Turtle Soup and Oyster Stew: A New England Jazz Age Thanksgiving

Hello everyone! As you know, tomorrow is Thanksgiving, and American tables will be overflowing with mashed potatoes, turkey, and pumpkin pie, to name but a few…though sea turtle soup, oyster stew, and broiled lobster probably won’t be on the menu!

While poking around for images for my Halloween How-To series, I came across some charming vintage Thanksgiving postcards from the 1920s. Each one contains a small illustrated menu, with suggestions for soups, entrees, sides, desserts, and drinks, as well as a short toast for guests to use. All the postcards were mailed during the Jazz Age, so it’s likely that many of these dishes wouldn’t look out completely of place on a Roaring Twenties Thanksgiving table—especially one in New England.

Check out the menus below. Notice anything different from our modern-day feast?

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Thanksgiving Menu

Succotash is a traditional New England dish. On sale at CardCow.com

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Thanksgiving Menu

I like how this is the only one that contains salad. On sale at CardCow.com

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Thanksgiving Menu

Green sea turtle? Really??! On sale at CardCow.com

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Thanksgiving

Mmmm, lobster! On sale at CardCow.com

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So what’s different about these menus? The seafood! As you can see, some kind of sea creature is on every single one of these menus, from oysters to lobsters. Why? Well, it’s likely because these menus are meant to evoke a Colonial New England Thanksgiving. Heck, there’s even succotash, and that’s a traditional New England dish as well. It’s not necessarily inaccurate either, as lobster, clams, oysters and mussels were part of the first Thanksgiving—but it’s doubtful that people in, say, 1920s Ohio were eating boiled lobster with their turkey. Oyster stew, maybe, but not fresh lobster. So why send these menu postcards to their friends?

Well, it’s probably part of the general trend throughout the Roaring Twenties to hearken back to “simpler times” during the holidays, choosing to emphasize tradition over the new modern age. And with its position as a uniquely American holiday, Thanksgiving became a time to emphasize a particular vision of America’s Colonial past, whether through reviving old recipes, making children put on pageants, or sending postcards like these.

Incorporating some seafood into your modern Thanksgiving feast, however, isn’t necessarily a bad idea. While fresh oysters aren’t as plentiful, cheap, or easy to obtain as they used to be (there’s a reason they used to be considered common workingman’s food), they’re still worth your time.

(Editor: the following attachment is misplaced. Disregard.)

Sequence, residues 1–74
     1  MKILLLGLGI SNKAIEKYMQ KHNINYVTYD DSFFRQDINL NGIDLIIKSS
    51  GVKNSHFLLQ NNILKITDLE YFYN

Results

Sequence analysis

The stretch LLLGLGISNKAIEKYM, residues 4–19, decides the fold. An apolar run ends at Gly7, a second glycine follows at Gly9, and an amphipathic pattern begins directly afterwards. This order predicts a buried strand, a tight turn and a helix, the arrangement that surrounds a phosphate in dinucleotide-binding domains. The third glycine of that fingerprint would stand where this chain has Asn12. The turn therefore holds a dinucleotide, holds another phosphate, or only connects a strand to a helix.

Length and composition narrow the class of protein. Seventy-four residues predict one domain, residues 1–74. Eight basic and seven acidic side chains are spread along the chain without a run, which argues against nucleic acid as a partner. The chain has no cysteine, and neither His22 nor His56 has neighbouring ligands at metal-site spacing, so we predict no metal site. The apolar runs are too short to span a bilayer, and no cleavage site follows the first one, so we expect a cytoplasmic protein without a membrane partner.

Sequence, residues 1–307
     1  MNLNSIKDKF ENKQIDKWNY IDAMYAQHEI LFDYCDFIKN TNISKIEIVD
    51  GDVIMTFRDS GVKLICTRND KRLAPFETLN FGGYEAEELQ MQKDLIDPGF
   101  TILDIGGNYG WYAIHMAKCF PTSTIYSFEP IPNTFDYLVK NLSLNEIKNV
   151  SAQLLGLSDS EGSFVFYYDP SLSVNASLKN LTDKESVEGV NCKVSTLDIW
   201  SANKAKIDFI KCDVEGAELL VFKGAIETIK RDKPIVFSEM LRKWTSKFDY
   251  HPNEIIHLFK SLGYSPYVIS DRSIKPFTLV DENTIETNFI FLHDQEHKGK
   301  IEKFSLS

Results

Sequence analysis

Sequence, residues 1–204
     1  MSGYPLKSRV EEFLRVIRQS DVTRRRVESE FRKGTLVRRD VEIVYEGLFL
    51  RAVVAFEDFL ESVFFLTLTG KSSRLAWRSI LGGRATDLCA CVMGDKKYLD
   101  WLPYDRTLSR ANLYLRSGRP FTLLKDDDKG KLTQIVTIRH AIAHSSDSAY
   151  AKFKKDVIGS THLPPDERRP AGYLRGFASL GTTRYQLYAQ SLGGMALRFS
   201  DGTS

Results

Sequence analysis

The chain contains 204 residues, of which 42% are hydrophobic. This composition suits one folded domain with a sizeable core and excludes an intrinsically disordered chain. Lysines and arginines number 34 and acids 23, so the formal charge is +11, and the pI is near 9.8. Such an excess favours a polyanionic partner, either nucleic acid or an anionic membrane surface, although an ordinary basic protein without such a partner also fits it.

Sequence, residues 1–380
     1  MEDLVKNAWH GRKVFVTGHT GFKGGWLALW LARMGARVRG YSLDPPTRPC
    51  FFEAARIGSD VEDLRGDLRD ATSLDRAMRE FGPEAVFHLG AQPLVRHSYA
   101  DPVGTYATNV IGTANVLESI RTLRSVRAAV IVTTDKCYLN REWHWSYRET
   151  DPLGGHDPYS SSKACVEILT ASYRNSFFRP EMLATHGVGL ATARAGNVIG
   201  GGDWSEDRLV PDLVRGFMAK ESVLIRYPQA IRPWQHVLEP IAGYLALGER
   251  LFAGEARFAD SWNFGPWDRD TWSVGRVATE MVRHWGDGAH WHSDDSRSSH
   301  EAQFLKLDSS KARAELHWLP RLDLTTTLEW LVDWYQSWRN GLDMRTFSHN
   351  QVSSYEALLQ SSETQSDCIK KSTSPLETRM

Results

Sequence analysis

For example, the idea of stuffing a turkey full of fresh oysters is utterly foreign to me as a Midwesterner, but it’s not only part of New England’s food history, it also supposedly tastes great. Serious Eats assures me that its “just really freaking good,” with the brine from the fresh oysters making “deliciousness guaranteed.”

So, even though we’re no longer able to get fresh oysters as easily as our forefathers, let me offer you this vintage recipe for oyster stuffing, which is paraphrased from Hospitality (1922) by Mary M. Wright:

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Oyster Stuffing (1922) :

1 qt. bread crumbs

1 pint oysters, fresh, shucked and drained

2 teaspoons salt

1/2 teaspoon pepper

1 tablespoon chopped parsley

1 tablespoon butter

Mix all ingredients together and stuff the bird, increasing amounts as needed for a larger turkey.

—paraphrased from page 46 of Hospitality (1922) by Mary M. Wright.

Or, if you’d rather try something with a bit more flavor, try this modern recipe from Serious Eats.

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Happy Thanksgiving everyone, and no matter what’s on your table, I hope you enjoy it! 😀

Thanksgiving

Now back to carving the turkey… ;). On sale at CardCow.com 

 

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About lupachi1927

My name's Megan, and I'm a writer with an interest in history. While I might not be a real historian, I'm a very thorough researcher. This blog is my place to post about all the interesting historical tidbits I find that can't use in the novel I'm working on, which takes place in Chicago in 1927. If you're looking for research help, writing feedback, or just want to say hi, feel free to drop me a line! :)
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